The national government’s priority as of now is to facilitate the General Election.

Sources indicated that the Independent Electoral and Boundaries Commission, National Police Service and National Intelligence Service will be the beneficiaries as they are the key agencies tasked with ensuring a smooth election.

The IEBC has been allocated Sh21 billion this financial year while the Kenya Police Service was allocated over Sh55 billion with the NIS receiving Sh35 billion.

By December 2016, KRA had collected Sh623 billion against a target of Sh643 billion, leaving a deficit of Sh20 billion.

This leaves the tax collection agency facing a tall order to meet its June 31 target of Sh1.3 trillion.

Sources indicated that the government is also facing pressure to meet its fixed foreign debt obligations as well as a myriad of new issues like doctors’ and nurses’ allowances.

The Treasury memo notes that in the recent past, CBK has highlighted significant transfer of funds by counties to commercial bank accounts.

The memo, dated May 9, proposes that CBK will monitor high-value transactions and present them to the committee of top officials.

“It was agreed that the report will be covering transactions of Sh5 million and above as some counties were splitting transfers to commercial banks accounts to disguise them as imprests. The report will be discussed and analysed during the daily monitoring operational meeting between National Treasury and CBK. COB (Controller of Budget) requested to be attending the meeting as well.  Further follow up and necessary action will be taken by any of the three parties, depending on the outcome of the analysis and discussions,” reads the memo.

It was also agreed the three institutions – National Treasury, Controller of Budget and Central Bank – would issue circulars so as to meet the common plan.

CBK was to write to the commercial banks reminding them of their responsibilities on money laundering checks by questioning high value payments and transfers from the accounts of county governments and other public entities.

The COB circular was to be directed to county governments and clarifies that requests for funds should be accompanied by detailed lists of projects and payees already processed by IFMIS.

This will mirror the practice in ministries and parastatals to guard against diversion of funds.

It is not clear if all the measures proposed have been taken.

On its part, the National Treasury was to issue two circulars, one to national government and another to counties, on commitment control and year-end closing  procedures covering various legal requirements, responsibilities of accounting officers and public finance management staff sanctions for non-compliance and other key issues.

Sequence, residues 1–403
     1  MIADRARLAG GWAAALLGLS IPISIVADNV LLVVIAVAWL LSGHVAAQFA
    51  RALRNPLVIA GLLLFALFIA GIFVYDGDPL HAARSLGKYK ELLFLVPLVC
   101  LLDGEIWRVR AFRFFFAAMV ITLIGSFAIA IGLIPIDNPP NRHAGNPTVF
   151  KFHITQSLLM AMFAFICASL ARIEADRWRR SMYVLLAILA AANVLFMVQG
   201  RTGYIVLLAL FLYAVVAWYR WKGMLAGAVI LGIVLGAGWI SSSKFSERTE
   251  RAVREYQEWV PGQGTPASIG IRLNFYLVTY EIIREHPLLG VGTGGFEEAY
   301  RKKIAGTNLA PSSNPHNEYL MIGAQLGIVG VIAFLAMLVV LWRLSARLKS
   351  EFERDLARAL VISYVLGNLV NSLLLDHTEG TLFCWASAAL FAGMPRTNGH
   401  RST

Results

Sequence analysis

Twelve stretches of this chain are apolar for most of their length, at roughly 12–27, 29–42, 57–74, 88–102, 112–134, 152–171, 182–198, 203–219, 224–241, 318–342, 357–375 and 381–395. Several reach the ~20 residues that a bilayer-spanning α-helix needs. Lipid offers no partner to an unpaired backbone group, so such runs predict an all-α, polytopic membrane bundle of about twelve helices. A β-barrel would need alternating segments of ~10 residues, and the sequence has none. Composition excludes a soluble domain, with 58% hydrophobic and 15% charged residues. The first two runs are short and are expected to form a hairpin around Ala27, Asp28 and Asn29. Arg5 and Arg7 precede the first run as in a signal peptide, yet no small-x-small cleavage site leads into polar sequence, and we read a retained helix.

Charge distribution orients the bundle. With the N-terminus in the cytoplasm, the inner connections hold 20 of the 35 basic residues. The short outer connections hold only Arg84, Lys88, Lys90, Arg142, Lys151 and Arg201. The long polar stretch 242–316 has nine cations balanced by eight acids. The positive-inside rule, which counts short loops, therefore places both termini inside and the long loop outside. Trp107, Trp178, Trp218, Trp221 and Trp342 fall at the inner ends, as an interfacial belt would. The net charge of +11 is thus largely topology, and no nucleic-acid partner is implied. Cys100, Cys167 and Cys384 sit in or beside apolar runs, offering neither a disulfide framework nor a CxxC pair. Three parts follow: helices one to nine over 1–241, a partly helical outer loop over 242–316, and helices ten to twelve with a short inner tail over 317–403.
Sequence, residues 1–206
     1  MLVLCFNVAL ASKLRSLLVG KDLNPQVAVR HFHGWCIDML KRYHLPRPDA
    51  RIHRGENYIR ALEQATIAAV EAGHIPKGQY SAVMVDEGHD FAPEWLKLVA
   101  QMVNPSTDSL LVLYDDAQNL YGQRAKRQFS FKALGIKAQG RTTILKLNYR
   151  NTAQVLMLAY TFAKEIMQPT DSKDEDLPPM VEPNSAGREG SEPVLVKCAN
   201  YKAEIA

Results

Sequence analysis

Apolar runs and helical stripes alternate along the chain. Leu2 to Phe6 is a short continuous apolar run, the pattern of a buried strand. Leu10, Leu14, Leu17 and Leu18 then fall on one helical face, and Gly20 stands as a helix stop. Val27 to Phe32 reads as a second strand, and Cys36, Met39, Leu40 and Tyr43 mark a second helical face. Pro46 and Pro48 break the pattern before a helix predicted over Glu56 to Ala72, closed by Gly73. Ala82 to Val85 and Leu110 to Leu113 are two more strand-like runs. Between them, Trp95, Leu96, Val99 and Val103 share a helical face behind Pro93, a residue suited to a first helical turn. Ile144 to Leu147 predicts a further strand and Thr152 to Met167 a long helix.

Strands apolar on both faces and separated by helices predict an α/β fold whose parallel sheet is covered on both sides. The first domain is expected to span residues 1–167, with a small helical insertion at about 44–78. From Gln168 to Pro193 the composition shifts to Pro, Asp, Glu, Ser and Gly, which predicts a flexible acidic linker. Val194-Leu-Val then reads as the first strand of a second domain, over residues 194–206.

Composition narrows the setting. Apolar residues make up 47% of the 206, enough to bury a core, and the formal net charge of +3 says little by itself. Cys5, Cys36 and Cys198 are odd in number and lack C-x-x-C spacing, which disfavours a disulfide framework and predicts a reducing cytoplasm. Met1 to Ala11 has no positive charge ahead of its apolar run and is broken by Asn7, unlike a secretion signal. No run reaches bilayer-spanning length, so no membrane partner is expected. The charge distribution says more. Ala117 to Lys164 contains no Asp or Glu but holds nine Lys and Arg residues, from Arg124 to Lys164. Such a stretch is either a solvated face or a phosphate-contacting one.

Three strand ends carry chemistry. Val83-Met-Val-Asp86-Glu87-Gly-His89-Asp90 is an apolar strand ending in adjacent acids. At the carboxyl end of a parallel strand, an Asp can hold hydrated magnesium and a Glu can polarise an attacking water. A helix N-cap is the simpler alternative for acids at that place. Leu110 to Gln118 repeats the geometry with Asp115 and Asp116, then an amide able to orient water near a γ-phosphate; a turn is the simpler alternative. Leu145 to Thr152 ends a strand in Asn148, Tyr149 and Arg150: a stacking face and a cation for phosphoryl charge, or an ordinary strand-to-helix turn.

The upsurge of these interventions was to tighten the release of funds from the County Revenue Funds at CBK.

“Measures would include requiring detailed listing of projects and payees.

The control to the exchequer unit, requiring the exchequer requests, should be supported by a list of the items transacted in IFMIS is highly recommended.

This will provide the COB with an opportunity to interrogate the payments and follow up to ensure the funds are not diverted once released to operational accounts.

 The COB will make use of their field officers based at the county level to scrutinise  details of the requests for withdrawal and monitor spending by the counties,” reads the memo.

This effectively means that for one to be paid there will be a system of rigorous checks and a simple mistake could cost a supplier money.

But the biggest blow coming from the Treasury was to tamper with Integrated Finance Management System (IFMIS) after May 31.

They propose to invoke The Public Finance Management Act regulations 2015 which provides that all commitments for supply of goods or services shall be done no later than May 31 each year except with the express approval of the accounting officer in writing.

“It was proposed that this requirement should be enforced by deactivating the commitment functionality of IFMIS. Any requests from both ministries and county governments to make new commitments after the date shall be in writing and authorised by the accounting officer or CEC finance.

The director of budget will review the requests and for few necessary and justifiable cases request the IFMIS department to allow the new commitment,” reads the memo.

Finally the memo calls for amendment of the PFM Act relating to the management of bank accounts by counties to be fast tracked.